Caritas signs up to women and development pledge
16 April - Caritas Internationalis Secretary General Lesley-Anne Knight has signed up to a pledge with other dignitaries from around the world aimed at ending poverty among women. The Caritas Secretary General was attending a meeting of the Women, Faith, and Development Alliance in Washington, 13 April and signed up to the pledge on behalf of the 162 national Catholic charities she represents.
United Nations statistics show that women account for 70 percent of the world’s poor; that women are owners of just one percent of the world’s titled land; and that two-thirds of the world’s illiterate people are women.
The Women, Faith and Development Alliance received more than $1 billion in financial commitments. The alliance aims to boost the economic status of women and fight for the changes that will make such improvements possible. Among those taking part in the initiative are Liberian President Ellen Johnson-Sirleaf, former U.S. President Bill Clinton, Queen Noor of Jordan, former Irish President Mary Robinson, and former Canadian Prime Minister Kim Campbell. (…)
Caritas Secretary General Lesley-Anne Knight said, “Women and girls are at the centre of efforts to end poverty. They are the majority of the world’s poor. Caritas is fully behind efforts seeking to increase resources for the advancement of women. (…)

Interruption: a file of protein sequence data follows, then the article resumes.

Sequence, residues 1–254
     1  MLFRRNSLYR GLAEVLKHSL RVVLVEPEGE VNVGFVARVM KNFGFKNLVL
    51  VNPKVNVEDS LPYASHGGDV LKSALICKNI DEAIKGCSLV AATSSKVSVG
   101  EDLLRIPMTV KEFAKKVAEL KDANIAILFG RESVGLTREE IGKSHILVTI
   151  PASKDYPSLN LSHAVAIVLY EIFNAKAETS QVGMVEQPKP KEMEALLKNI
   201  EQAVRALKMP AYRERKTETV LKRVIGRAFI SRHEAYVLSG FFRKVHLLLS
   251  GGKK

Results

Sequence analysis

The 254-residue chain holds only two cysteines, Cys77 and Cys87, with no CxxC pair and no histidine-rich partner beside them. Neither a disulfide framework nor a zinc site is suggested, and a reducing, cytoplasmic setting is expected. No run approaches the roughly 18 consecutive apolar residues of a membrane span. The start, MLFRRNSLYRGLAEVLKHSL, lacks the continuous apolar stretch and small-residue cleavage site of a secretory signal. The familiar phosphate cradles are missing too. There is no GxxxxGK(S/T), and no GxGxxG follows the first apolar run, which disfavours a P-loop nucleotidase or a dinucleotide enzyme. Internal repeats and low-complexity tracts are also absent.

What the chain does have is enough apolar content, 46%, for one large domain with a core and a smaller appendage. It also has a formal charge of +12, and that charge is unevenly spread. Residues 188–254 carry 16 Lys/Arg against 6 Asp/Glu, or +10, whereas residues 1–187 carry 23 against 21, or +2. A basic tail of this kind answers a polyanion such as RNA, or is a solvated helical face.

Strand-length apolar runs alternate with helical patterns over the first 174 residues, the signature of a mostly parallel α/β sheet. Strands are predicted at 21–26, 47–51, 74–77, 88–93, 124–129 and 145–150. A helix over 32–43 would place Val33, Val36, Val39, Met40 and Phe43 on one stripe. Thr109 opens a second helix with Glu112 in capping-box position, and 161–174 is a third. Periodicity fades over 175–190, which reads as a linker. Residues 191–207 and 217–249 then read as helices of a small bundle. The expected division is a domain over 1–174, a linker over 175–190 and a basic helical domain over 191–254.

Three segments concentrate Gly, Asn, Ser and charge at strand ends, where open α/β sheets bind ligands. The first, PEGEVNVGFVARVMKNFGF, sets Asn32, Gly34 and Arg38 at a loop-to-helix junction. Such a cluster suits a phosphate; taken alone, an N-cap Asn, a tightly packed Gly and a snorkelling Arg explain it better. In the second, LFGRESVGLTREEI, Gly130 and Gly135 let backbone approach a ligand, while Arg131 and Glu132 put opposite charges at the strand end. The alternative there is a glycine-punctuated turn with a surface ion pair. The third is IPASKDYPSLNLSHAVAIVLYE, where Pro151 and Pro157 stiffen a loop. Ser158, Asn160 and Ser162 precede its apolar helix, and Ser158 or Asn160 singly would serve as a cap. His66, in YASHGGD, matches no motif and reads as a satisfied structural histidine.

Its economic-security activities for war-affected people in Acholi districts are being adapted to fit evolving needs. Also, the ICRC’s new cash-for-work and income-generating schemes will complement its large-scale seed distribution programmes, which came to an end in March 2008.
Households participating in the cash-for-work scheme will carry out projects chosen by their own communities, such as opening up land for cultivation and restoring infrastructure.
On the completion of a project, participants will be paid in cash, at local rates. When people return home, they face a number of important challenges: for instance, limited income-earning opportunities and having to prepare land that has lain fallow for many years (as well as the competing claims of other essential tasks). (...) The sustainable-livelihood projects will also benefit the most vulnerable households - such as those headed by children, the elderly and the physically disabled - since the participants will be opening up land for them.
The cash-for-work projects will complement an income-generating scheme for vulnerable families. Groups of households will be provided with, for instance, irrigation pumps, brick presses and oil presses to enable them to increase their income. (...) The ICRC, through its various water, sanitation and health programmes, is striving to improve living conditions for over 500,000 people - the internally displaced in their camps and returnees in their home areas in Acholi districts.
Federation launches new five-year food security strategy in